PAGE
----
Henry III, Roman Emperor

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June 4, 1039 to Oct. 5, 1056; son of conrad ii and Gisella; b. Osterbeck, Oct. 28, 1017. His father named him his successor in 1026, and he was crowned as joint king in 1028. Following a good education, he was married (1036) to Gunhild (d. 1038), the daughter of canute of england and denmark; in 1043, after the death of Gunhild, he married Agnes of Poitou (d. 1077). In 1038 he became Duke of Swabia, and the following year he succeeded his father. During the more than 15 years of his reign, Henry demonstrated his deep concern for the future of the German monarchy and for the reform of the Church. The new king's first task was to enlarge and consolidate the royal domains. He attempted to retain control and to administer personally Swabia, Bavaria, and Carinthia, but he was finally forced to rule through elected dukes. He came to rely upon such ecclesiastical princes of the Empire as adalbert of bremen, with the result that he has been blamed for weakening the monarchy, for whose future he had such genuine anxiety. Too often, the bishops he trusted betrayed his confidence and acted from motives as base as those of the turbulent lay nobility. Despite Henry's efforts at enforcing the peace of god, private war flourished throughout his reign. Nevertheless, his efforts were rewarded, since Bratislav I did homage for his Duchy of Bohemia in 1041. Subsequently, Henry received the homage of King Peter of Hungary.

Both Henry and his second wife Agnes were persons of deep piety. Agnes' family had founded the monastery of Cluny, where the reform movement of the tenth century began. In 1046 Henry's interest in the reform in the Church took him to Italy to settle the question of papal succession, disputed by three claimants: Benedict IX, Sylvester III, and Gregory VI. For Henry sincerely believed that a healthy papacy was fundamental for a reformed Church. At Piacenza in November, Henry met Gregory, who greeted him with full honors. Nevertheless, Henry brought about the deposition of Gregory and Sylvester in a synod at Sutri and declared Benedict deposed at a later synod in Rome. He then selected a bishop from his retinue, Suidger of Bamberg to the throne of St. Peter. Suidger, who took the name Clement II, crowned Henry and Agnes emperor and empress on Christmas Day 1046. Clement also granted Henry the title Patricius Romanorum, which gave ecclesiastical sanction to his role as the defender of the Church. Henry's influence was paramount in the selection of the three popes after Clement II, the most important of whom was leo ix. At his accession in 1049, the imperial effort at reform was reinforced by vigorous, intelligent pope, who spent most of his five-year pontificate traveling throughout Europe in an attempt to correct ecclesiastical abuses.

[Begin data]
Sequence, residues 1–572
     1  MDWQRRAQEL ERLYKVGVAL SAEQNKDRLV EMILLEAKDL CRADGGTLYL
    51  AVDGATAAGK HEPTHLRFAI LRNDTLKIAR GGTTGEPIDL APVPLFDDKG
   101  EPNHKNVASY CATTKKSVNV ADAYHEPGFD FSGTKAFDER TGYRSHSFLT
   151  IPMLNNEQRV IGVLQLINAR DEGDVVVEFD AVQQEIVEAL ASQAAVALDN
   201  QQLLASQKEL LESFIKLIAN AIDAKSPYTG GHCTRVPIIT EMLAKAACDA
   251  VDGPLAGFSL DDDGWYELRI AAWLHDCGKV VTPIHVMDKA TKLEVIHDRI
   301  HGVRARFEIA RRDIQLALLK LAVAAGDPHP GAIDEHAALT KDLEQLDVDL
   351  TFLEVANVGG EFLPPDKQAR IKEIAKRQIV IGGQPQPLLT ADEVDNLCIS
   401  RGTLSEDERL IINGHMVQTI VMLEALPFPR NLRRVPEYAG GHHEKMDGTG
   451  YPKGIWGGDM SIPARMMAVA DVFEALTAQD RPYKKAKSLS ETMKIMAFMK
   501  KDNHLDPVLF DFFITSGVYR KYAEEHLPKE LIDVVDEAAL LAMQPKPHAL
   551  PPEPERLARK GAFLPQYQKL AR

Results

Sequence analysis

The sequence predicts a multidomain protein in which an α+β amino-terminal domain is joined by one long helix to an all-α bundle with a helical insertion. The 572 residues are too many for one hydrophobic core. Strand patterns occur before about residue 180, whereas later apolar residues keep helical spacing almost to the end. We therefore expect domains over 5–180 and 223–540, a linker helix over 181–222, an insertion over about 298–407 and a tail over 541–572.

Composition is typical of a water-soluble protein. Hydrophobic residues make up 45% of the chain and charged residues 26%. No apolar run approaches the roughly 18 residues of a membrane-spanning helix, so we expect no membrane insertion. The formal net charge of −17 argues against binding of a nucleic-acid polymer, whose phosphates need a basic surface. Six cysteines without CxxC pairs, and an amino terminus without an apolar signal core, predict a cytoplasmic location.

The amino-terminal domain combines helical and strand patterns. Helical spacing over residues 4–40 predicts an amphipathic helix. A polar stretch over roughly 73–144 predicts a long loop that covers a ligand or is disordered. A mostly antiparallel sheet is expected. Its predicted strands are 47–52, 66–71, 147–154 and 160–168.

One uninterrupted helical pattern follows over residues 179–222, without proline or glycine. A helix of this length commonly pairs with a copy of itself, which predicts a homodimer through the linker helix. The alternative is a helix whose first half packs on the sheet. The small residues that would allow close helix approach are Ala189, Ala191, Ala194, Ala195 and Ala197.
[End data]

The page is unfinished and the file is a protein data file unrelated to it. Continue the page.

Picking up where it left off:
Henry's final journey to Italy, in 1055, when be accompanied Pope victor ii for his coronation, was marked by his failure to gain the submission of the Count of Tuscany, a failure pregnant with significance for future relations between the papacy and the Empire. Henry died at Bodfeld and was buried in the cathedral of Speyer. His heir was a mere boy; and the great edifice of Empire, which he had defended, had no protector.

Henry's legacy is ambivalent. He certainly succeeded in freeing the papacy from the control of Roman aristocrats, who, if the reformers' reports are to be believed, used the institution only for their own material advantage. In contrast, between 1046 and 1057 there were five German popes, but inspired by the reform movement, which was very strong north of the Alps, the papacy was not about to develop into an imperial chaplaincy. The popes took the opportunity that the minority of his son Henry IV provided to assert their independence of the empire and of lay control. In doing so they struck at the foundation of the very institution that been instrumental in initiating ecclesiastical reform, since control of the Church was integral to the success of the imperial government. In strengthening the papacy, Henry weakened the throne upon which his successors would sit. But the future seems clear only in retrospect. Henry approached his obligations with a high seriousness and fulfilled them with considerable skill. His premature death at the age of 39 and the events that flowed from it were not within his ability to foresee.

Bibliography: e. l. h. steindorff, Jahrbücher des deutschen Reichs unter Heinrich III, 2 v. (Leipzig 187481). p. f. kehr, Vier Kapitel aus der Geschichte Kaiser Heinrichs III (Berlin 1931). g. ladner, Theologie und Politik vor dem Investiturstreit (Baden bei Wien 1936). t. schieffer, Lexikon für Theologie und Kirche, ed. j. hofer and k. rahner (Freiburg 195765) 5:180. m. l. bulst thiele, Kaiserin Agnes (Hildesheim 1972). k. hampe, Germany under the Salian and Hohenstaufen Emperors (Oxford 1973). h. fuhrmann, Germany in the High Middle Ages, c. 10501200, tr. t. reuter (Cambridge 1986). j. fleckenstein, ed., Investiturstreit und Reichsverfassung (Sigmaringen 1973). r. schieffer, Die Entstehung des päpstlichen Investiturverbots für den deutschen König, (Stuttgart 1981). u.-r. blumenthal, The Investiture Controversy: Church and Monarchy from the Ninth to the Twelfth Century (Philadelphia 1988).

[j. m. powell/

t. e. carson]

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Henry III, Roman Emperor

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